Sweet moments in the pain
In order to understand the sweet significance of this picture you will need a synopsis of the past several days. Since about Saturday afternoon, Noah has been having these waves of irrationality and emotional distress that are very difficult for me and John to handle. He gets really emotionally involved in the shows he enjoys watching and cries if characters are in trouble. He can't make a decision about what he wants or needs, and he says things that don't make very much sense. He has often told me and John that he doesn't love us anymore. We have come to understand that these changes in his personality are most likely from the medication and the changes taking place in his brain, affecting his frontal lobe. We have also learned that the best way to handle this change is to stay patient, remain calm, and try to appease him and comfort him to the best of our ability, according to what we think he needs at the time. We know that Noah isn't telling us he doesn't love us...that's not him at all. But it is a difficult and stressful encounter, and thank goodness when they come they will also eventually go away. So when he begins to wake up from a long sleep we don't know really what to expect from him: our sweet Noah and his funny, playful personality or the "Morphine Man" who is quite unpredictable. In the moment I took the picture, Noah had just woke up and said he needed to snuggle Dad. Neither John nor myself have had a true snuggle from him in days, because since Noah has been sick he has needed his space. It was a very sweet moment.
Last night started what seems to be a slight upward climb. Noah's pre-school teacher "Ms. Ehwishabet" (Elizabeth) recorded the class singing one of Noah's favorite songs and then had each classmate say hi, with a final wish that he feels better and an affirmation that he is loved. Noah was sleeping when I watched it, but his eyes quickly opened and he said, "I wanna see." Keep in mind he had been asleep for the majority of the previous 48 hours. He watched the entire video twice, sitting up, and then said, "I wanna go with you, Dad" and agreed to ride in a wagon while John and I walked around downstairs. Seeing his classmates, teachers, and knowing that they miss him and love him gave Noah the hope he needed to push through some pain and lethargy and get moving. It was awesome. He has still had pain and vomiting last night and this morning, but his morphine drip was dialed down a bit, and with an increased steroid dose he feels better now than he has in almost a week. He has been awake much more today, interacting with the doctors, nurses, and us in such a sweet way. Dr. Reddy called him "kiddo" today and he replied, "No, that's not my name! My name is Noah Crowe." We caught a video of him saying, "Hey Daddy, I..love...you. So....much." (His speech is slower as he stutters and sometimes struggles to find the right word.) My heart just wants to explode in these moments, and I am etching them in my memory. Our hospice nurse and the doctors on call are working to get Noah a small pump that he can carry with him, and hopefully get him set up with that so we can be on our way home later this afternoon. Noah is afraid to go home today, he told us, because his head is still hurting. We are doing our best to reassure him that the special nurse that will come to our house is going to take care of him, along with Mom and Dad, just like he's being cared for here...and with a much more comfortable bed and lots of toys! Please pray that the transition from hospital to home is an easy one for us all, and that we are all comfortable with the care that Noah will receive there. We've seen what prayers can do, so please don't stop! Lots of love to you all.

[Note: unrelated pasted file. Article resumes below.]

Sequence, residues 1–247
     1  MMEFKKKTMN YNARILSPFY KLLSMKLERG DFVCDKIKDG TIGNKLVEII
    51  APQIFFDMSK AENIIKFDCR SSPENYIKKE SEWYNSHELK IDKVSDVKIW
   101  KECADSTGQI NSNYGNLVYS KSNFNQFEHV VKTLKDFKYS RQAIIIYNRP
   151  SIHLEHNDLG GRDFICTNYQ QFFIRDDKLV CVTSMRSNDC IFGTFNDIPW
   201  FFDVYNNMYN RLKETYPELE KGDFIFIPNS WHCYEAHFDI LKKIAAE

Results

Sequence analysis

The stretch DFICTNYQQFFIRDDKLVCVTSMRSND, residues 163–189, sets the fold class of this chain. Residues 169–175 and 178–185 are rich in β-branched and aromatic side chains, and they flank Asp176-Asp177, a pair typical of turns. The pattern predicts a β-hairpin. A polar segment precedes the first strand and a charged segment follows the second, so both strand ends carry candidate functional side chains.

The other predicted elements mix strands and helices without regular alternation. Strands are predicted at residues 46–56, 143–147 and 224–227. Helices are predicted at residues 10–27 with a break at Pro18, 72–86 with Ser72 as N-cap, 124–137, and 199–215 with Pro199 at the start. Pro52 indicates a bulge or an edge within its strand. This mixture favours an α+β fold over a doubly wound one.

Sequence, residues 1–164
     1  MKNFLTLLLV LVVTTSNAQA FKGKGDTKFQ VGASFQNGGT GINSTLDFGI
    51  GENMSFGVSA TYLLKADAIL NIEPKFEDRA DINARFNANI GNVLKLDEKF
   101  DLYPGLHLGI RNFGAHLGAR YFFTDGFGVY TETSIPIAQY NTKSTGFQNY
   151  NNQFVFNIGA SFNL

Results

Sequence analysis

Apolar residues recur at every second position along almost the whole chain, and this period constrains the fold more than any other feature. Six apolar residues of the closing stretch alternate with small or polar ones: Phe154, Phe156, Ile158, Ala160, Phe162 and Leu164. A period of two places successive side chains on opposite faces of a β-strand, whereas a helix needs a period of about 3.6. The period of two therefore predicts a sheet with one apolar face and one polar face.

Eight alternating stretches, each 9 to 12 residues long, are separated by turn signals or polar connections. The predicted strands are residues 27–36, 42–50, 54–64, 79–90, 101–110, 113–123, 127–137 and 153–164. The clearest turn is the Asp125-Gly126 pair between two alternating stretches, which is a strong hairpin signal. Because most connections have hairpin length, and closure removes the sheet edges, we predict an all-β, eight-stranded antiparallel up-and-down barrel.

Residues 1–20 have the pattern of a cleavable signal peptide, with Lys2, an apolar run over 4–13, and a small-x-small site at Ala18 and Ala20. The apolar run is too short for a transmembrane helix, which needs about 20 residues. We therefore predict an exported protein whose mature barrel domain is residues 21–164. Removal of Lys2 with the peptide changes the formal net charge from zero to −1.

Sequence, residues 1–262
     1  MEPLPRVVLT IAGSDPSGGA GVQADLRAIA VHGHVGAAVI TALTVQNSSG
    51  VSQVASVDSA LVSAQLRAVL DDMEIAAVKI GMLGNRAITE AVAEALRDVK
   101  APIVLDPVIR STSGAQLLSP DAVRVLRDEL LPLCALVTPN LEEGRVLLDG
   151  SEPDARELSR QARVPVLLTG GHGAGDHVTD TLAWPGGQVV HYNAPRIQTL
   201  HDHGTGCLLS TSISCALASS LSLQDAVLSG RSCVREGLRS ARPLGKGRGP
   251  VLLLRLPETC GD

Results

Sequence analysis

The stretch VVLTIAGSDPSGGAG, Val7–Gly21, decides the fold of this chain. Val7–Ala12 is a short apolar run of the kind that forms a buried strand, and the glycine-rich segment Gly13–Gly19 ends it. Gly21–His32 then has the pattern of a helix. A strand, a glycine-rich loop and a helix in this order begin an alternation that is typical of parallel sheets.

"This child can face uncertain days because He lives!" - Hymn "Because He Lives"
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These posts are written by Noah's parents Jessica & John David Crowe. The default author is Jess, and those written by John David will be noted.